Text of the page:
Cottage Grove, Bohemia Nugget

The Cottage Grove Bohemia nugget
[LCCN: sn96088074]
Cottage Grove, Lane County, Ore.

As Anglo settlers moved through the southern Willamette Valley of central Oregon, the small settlement of Cottage Grove was established and incorporated in 1887. By the 1890s, over 3,000 people lived in the city due to the discovery of gold in nearby creeks which led to the Bohemia mining boom (Center for Columbia River History).

In 1897, Horace Mann started the Cottage Grove Messenger [LCCN: unknown], a weekly newspaper published on Fridays. However, in 1899, C.J. Howard bought the paper and changed its name to the Cottage Grove Bohemia Nugget [LCCN: sn96088074], publishing the first issue on January 20, 1899. The Nugget started as a politically Independent paper, but shifted to Republican views by 1900 under ownership of Bohemia mining promoter Frank J. Hard, manager of Cottage Grove’s first newspaper, The Leader [LCCN: sn96088077].

Direction of the Nugget changed frequently over the eight years of its existence. T.H. Supple of Portland contributed for a short time in 1901, and Lee Henry joined Howard in 1902, taking over the paper for a short time before Howard regained full control the same year. In 1903, Reverend Barton C.V. Brown became associated with the paper as well. As of November 27, 1903, A. P. Bettersworth was listed as the sole owner, although true ownership at the time belonged to C.J. Hurd, and Colonel Warner A. Root quickly replaced Bettersworth.  J. McKean Fisher was editor in 1906, and in 1907, Walter C. Conner and Joe DuBruille, publishers of the Cottage Grove Leader [LCCN: sn96088075], bought the Nugget, consolidating the two papers under the Leader title.  In 1918, the Leader was bought out by its rival paper, the Cottage Grove Sentinel [LCCN: sn96088073].

According to Cottage Grove newspaper pioneer Elbert Bede, the community’s early papers, like the Nugget, “were strong for colonels and preachers” (Turnbull 1939, 270). The Nugget was specifically directed toward miners at first, featuring advertisements for mining supplies and mining news on the front page.  The paper claimed to be “Devoted to the Mining, Lumber, and Farming Interests of this Community, to Good Government, and Hustling for a Living,” a motto that changed to “…Hustling for a Grub Stake” in 1900, and then shortened to simply, “Devoted to the Mining, Lumber, and Farming Interests of this Community” by 1905.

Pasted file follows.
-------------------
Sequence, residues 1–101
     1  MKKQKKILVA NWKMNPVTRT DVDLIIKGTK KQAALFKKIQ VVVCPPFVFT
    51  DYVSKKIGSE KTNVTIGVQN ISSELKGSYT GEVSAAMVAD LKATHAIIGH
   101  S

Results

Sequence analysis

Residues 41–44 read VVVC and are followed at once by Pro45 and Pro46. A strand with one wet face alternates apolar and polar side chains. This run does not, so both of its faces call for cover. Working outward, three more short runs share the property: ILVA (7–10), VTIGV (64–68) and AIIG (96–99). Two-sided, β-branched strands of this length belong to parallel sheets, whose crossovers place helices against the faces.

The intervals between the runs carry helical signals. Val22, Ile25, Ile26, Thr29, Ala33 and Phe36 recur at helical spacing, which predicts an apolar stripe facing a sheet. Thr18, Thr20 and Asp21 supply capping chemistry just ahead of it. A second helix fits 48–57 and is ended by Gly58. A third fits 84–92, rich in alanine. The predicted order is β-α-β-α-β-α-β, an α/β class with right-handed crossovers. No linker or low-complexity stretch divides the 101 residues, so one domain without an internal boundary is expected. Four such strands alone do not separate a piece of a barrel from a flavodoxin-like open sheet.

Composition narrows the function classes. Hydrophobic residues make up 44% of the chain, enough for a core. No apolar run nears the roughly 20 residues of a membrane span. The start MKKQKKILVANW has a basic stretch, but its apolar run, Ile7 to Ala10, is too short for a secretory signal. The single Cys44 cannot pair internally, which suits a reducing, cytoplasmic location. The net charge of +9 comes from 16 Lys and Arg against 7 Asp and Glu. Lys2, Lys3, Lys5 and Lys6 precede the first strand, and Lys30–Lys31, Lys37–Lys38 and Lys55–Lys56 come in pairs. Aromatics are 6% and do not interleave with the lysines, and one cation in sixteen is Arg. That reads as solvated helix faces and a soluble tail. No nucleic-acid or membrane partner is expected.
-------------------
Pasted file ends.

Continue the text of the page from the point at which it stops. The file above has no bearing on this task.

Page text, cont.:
The Nugget also featured short stories, local and social updates, statewide, national, and international news of governmental actions and wars, and included similar columns to other papers of the time with jokes, daily sermons, and agricultural segments. Towards the end of its run, mining issues became less apparent in the Nugget, but even today the people of Cottage Grove continue to celebrate the history of their town with the Bohemia Mining Days Festival.

Prepared with reference to:
Center for Columbia River History: A Regional Partnership. “Cottage Grove: Then and Now.” Center for Columbia River History: Promoting the Study of Columbia River Basin History. Accessed July 22, 2011.

Turnbull, George S. History of Oregon Newspapers. Portland, Oregon: Binfords & Mort, 1939.

– Written by Sheila Rabun

Skip to toolbar